Alpha, the magazine founded in Medellín in 1906, was known for its progressive perspective on intellectual matters. At the time, the population of the capital of Antioquia was under 60,000 people and the literacy rate was fifty-three percent?a significant improvement on the 1885 rate of thirty percent.
In a sense, Alpha followed in the steps of earlier magazines that published artistic illustrations, such as El Repertorio [The Repertoire] (1896–1897), El Montañés [The Highlander] (1897–1899), and Lectura y Arte [Reading and Art] (1903–1906). Alpha magazine was associated with the library owned by Carlos E. Restrepo—who later became president of Colombia—and was supported by a number of businessmen. Mariano Ospina Vásquez, Antonio José Cano, and Jorge de la Cruz were on the board of directors; Ricardo Olano was the manager for several years.
The magazine broke new ground by paying its contributors, which included Tomás Carrasquilla Naranjo (1858–1940), Saturnino Restrepo, Baldomero Sanín Cano (1861–1957), and Luis Carlos López (1879–1950).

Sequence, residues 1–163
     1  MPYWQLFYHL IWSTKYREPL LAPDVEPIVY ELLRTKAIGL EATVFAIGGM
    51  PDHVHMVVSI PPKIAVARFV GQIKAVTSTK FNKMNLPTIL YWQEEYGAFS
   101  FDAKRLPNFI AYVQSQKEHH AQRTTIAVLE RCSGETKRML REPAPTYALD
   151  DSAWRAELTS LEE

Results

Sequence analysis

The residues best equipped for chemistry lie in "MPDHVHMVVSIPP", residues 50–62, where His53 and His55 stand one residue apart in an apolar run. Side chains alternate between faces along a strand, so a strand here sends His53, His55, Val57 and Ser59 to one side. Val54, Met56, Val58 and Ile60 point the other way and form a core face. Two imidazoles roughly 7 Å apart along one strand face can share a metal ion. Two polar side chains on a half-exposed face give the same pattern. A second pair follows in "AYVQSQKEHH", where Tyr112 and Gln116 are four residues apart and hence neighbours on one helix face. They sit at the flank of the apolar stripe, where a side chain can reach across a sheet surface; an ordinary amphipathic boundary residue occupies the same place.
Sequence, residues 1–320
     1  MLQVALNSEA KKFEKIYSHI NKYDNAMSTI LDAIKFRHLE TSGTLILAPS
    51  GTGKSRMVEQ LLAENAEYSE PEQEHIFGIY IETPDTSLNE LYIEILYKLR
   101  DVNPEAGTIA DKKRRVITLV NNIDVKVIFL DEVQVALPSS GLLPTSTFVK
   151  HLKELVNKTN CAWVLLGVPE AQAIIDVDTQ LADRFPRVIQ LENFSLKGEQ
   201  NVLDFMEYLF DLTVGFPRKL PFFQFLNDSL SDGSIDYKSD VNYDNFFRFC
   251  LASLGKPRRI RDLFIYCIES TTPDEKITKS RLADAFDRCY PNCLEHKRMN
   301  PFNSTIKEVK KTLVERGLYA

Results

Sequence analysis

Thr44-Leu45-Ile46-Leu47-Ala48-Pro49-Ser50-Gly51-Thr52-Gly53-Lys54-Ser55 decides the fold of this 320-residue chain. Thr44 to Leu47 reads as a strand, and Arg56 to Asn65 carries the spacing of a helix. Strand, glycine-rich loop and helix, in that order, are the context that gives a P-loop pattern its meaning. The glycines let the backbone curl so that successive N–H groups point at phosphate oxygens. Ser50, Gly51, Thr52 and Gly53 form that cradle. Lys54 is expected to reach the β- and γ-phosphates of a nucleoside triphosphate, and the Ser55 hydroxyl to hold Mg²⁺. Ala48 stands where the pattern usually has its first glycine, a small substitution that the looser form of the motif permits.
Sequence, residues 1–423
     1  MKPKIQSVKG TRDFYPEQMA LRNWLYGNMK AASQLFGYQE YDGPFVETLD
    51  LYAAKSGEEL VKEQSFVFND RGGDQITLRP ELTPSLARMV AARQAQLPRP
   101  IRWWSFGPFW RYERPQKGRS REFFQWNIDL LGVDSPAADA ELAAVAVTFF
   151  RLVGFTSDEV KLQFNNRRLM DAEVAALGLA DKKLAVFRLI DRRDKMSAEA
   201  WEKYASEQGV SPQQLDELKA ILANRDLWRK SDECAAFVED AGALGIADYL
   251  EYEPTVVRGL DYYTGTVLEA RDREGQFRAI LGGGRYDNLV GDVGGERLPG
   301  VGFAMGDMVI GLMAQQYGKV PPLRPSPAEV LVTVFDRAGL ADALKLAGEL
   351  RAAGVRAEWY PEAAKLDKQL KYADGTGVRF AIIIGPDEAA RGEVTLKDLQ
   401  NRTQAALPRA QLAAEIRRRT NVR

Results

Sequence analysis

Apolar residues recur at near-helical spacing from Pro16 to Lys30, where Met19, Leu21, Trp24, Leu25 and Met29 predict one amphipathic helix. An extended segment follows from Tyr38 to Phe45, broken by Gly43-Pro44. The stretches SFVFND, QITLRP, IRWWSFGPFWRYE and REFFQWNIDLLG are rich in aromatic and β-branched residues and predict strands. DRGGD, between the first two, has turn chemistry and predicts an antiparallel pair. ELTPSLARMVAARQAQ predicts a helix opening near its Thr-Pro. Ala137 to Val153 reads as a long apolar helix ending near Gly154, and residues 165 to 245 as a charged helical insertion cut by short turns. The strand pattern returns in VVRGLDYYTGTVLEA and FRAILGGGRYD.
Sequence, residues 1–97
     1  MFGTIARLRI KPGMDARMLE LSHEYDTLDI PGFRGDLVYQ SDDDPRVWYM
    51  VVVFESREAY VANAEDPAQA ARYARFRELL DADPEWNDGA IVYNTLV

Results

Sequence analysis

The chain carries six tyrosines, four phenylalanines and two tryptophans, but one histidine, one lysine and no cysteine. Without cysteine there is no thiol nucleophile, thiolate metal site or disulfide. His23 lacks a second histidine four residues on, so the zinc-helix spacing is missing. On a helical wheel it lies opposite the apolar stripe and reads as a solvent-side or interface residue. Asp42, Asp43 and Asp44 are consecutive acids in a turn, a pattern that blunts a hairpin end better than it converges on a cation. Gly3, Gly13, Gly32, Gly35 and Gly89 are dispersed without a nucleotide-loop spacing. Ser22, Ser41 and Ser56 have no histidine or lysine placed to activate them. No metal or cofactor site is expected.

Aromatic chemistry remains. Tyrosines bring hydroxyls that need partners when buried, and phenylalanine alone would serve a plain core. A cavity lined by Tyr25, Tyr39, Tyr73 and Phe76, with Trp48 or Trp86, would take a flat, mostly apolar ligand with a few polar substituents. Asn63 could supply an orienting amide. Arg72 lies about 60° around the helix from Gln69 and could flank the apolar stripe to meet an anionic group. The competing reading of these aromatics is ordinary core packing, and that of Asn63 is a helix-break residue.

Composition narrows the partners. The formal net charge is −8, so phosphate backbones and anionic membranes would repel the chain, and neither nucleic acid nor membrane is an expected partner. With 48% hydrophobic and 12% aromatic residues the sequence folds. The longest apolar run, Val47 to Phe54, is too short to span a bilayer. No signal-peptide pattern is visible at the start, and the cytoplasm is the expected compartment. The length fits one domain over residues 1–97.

The magazine reported on paradigmatic events, such as the Futurist Manifesto. When Archbishop Manuel José Caycedo proclaimed that it should not be read on pain of mortal sin, the magazine ceased publication in 1916 after a decade of intense activity and a total of 146 issues. Alpha kept its readers up-to-date on current literary and intellectual trends, and corresponded with a variety of Latin American writers.